Tupolev ANT-3

From Wikipedia, the free encyclopedia
Jump to navigation Jump to search
ANT-3
Stamp URSS 1977.jpg
Role Reconnaissance aircraft
National origin Soviet Union
Manufacturer Tupolev
First flight 6 August 1925
Produced 1926–1929
Number built 103
Variants Tupolev ANT-10

Tupolev acquired much experience in building his first two aircraft, which he employed for the next one, the ANT-3. By this time, Soviet Air Force leaders were convinced that metal was a highly usable substance in the building of airplanes. Tupolev therefore guided AGOS- TsAGI in creating the first Soviet all-metal aircraft. The ANT-3 was Tupolev's first practical aircraft.

Construction and Development[edit]

On 1 August 1924, design work started for the ANT-3, by the following July the prototype was completed at the AGOS factory. The sesquiplane ANT-3 first flew on 6 August 1925, piloted by V. N. Fillipov, a TsAGI test-pilot. The VVS (Voenno-Vozdushnye Sily - military air forces) ordered several ANT-3s, designated R-3 (R - Razvedchik - reconnaissance), after successful flight tests led by Mikhail Gromov. However, production was limited by the shortage of raw materials, but those that were produced proved useful for propaganda purposes.[1]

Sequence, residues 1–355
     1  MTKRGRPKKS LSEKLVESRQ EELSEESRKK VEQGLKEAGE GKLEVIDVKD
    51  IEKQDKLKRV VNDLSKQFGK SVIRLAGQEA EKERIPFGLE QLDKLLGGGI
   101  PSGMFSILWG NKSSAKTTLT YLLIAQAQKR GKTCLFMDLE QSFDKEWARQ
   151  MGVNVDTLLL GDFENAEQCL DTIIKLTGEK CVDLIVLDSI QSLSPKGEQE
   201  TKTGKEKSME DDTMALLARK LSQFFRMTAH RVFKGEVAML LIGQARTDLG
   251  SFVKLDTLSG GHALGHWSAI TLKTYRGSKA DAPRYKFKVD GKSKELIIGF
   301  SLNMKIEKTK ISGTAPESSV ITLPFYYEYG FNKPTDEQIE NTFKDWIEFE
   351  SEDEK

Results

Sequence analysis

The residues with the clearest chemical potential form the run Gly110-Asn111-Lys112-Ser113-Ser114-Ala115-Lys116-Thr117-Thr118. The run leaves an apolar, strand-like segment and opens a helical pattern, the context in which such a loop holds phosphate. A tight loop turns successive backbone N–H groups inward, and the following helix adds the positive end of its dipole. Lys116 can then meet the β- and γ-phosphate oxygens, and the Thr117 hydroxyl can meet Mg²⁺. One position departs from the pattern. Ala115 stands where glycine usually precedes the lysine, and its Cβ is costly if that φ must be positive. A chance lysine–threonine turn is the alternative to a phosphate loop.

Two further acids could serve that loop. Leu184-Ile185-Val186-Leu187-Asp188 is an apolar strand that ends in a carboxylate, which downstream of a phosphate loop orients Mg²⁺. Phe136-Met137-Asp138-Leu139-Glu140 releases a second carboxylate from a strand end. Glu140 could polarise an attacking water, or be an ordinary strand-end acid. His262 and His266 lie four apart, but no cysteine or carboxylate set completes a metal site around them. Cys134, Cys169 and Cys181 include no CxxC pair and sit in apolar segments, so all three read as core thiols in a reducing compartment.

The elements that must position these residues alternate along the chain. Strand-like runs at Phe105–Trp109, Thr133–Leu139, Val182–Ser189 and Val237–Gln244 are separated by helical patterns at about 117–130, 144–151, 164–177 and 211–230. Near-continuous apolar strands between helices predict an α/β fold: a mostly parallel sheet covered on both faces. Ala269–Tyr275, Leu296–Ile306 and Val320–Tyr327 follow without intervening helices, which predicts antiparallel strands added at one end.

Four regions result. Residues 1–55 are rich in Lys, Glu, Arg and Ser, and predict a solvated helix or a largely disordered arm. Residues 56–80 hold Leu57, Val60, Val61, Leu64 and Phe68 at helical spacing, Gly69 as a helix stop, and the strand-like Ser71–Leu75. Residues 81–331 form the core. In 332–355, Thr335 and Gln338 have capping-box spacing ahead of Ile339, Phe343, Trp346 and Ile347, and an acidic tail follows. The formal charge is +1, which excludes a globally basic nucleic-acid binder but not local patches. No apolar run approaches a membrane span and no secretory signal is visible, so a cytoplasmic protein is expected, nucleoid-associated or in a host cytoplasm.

Production[edit]

The ANT-3 was produced between 1926 and 1928 at GAZ-5 (GAZ - Gosudarstvenny Aviatsionnyy Zavod – state aviation plant/factory) in Moscow and, from late 1928, at GAZ-22. There were probably 102 made in total.[1]

Design[edit]

The ANT-3 was a sesquiplane seating two in tandem cockpits, with the pilot in front and gunner behind. The structure was predominantly built from light alloys with corrugated kol'choogaluminly skin. Lower main-planes were attached to the lower fuselage, whilst the upper mainplane was supported on short cabane struts. Wire bracing and streamlined 'V' interplane struts provided structural integrity.[1]